Iota stands apart from your average granular synth engine by focusing on the spectrum of a sound. At the centre of Iota is a spectrogram, which differs from a normal waveform view by showing frequency, rather than amplitude, in relation to time. Selecting a wide but short loop creates a large (that is to say, long in time) grain with a narrow frequency range. If you instead select a tall and thin loop region, the grain will be quite short but contain a larger range of frequencies. Granular synthesis is so enmeshed with descriptive, almost poetic terminology (sowing grains, spray and texture) rather than technical language that this is a bit awkward to put into words. But after playing around for a few minutes with Iota, the jargon makes more sense.
The controls for setting your loops span the left-hand side of the spectrogram. Clicking the quarter note icon toggles a beat grid overlay, in case you wanted to quantise your loops. The pencil is used to draw your loops, the hand selects and moves them around and the resize icon lets you… resize them. Along the top of the spectrogram are the controls for rearranging your loops from back to front as well as pasting or deleting specific loops and a handy clear-all function.
On the other side of the spectrogram are the loop parameters. When no loops are selected, there are three offset controls, affecting all loops, for Pitch (alters playback speed), Filter (vertical offset) and Position (horizontal offset). When a specific loop is selected, these parameters are joined by a Pan control, Playback Direction, Fade (the amplitude envelope of the loop) and an inline Delay effect. Interestingly, the filter can be switched between FFT mode (which, according to the brief manual, "only allows the selected frequency range to pass through; no slope") and a Slope mode, which uses a high- and low-pass biquadratic filter pair with adjustable peak.
You also have a few different options for loop playback. The lock icon toggles whether the loops run free or only play when Live's transport is on. Alternatively, each loop can be mapped to a MIDI note and triggered with a keyboard. When this mode is enabled, an ADSR control appears that affects the overall volume of each triggered loop.
Iota's main selling point is discrete control of individual grains. But this key feature ends up causing a fair amount of lost functionality in other areas. Because of the unlimited amount of grains Iota offers, each loop's individual parameters can't be controlled by Live's built-in automation. To make up for this, Iota has its own automation recorder, but it's not the most ideal compensation. Iota's automation recorder functions almost exactly like a low-end looper: you make a change, the change loops and there's no way to fine-tune the automations once they are recorded. Furthermore, the automate-able parameters don't include each grain's Mute/Solo settings, which become pretty crucial once you've got a few too many grains going to keep track of. Other than that, pretty much every parameter change of a loop (including position/size) can be recorded. However, I did notice that clicking seemed to be an issue here—parameter changes that didn't cause clicks the first time around became noticeably glitchy once played back by Iota's automation.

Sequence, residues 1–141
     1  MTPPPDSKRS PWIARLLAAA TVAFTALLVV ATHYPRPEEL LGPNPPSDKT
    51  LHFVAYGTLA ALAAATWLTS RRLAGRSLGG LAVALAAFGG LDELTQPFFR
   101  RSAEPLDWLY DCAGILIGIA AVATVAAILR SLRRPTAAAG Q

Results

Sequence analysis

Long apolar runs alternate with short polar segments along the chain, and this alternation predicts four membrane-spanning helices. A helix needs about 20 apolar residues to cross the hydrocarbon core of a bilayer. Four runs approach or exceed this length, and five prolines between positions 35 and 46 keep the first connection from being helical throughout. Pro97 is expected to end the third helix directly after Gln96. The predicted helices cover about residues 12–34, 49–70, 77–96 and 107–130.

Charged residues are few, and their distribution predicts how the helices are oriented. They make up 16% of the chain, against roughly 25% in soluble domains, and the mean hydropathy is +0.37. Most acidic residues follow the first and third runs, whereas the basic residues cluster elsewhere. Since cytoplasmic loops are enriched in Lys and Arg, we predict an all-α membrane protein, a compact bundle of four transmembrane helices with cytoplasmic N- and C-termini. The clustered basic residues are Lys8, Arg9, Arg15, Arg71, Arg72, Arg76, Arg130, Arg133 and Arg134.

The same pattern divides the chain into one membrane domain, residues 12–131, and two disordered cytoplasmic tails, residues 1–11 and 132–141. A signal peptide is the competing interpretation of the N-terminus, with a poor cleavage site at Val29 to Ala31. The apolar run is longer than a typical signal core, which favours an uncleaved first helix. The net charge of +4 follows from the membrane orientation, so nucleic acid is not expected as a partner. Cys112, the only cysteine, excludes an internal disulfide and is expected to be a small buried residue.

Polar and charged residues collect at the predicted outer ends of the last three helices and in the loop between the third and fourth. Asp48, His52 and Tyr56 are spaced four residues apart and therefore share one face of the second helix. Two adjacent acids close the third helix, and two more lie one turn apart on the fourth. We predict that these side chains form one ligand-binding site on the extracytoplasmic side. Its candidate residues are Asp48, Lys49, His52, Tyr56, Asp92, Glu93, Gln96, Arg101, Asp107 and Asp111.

After a little playing around, it becomes clear that Iota has more in common with something like Mutable Instrument's Clouds module than Granulator. Like Clouds, it shines more as a rich and somewhat unpredictable effect or ambience generator than a traditional synth. However, the flexibility and programmability offered by Clouds and the tight Live integration of Granulator leave Iota in the dust as far as advanced features go. Short of opening up the device in Max and reprogramming it, there's not much here for users who need precise, continuous control over Iota's parameters. While Max is definitely a great prototyping environment for something like Iota, it has some limitations of its own and perhaps some of these issues could be more effectively resolved if Iota was a standalone synth rather than a Max for Live device.
As a tool for quickly creating new sounds and textures from old samples and recordings, Iota is pretty good. As an entry-point for musicians new to granular synthesis and spectral processing, it's better. Iota is in many ways easier to use and understand than most other complex granular synths, but its limitations can become frustrating after a while. It's definitely an interesting idea and is great at sound-mangling, but it doesn't seem like the functionality necessary to make Iota really shine is fully there yet.
Ease of use: 3.2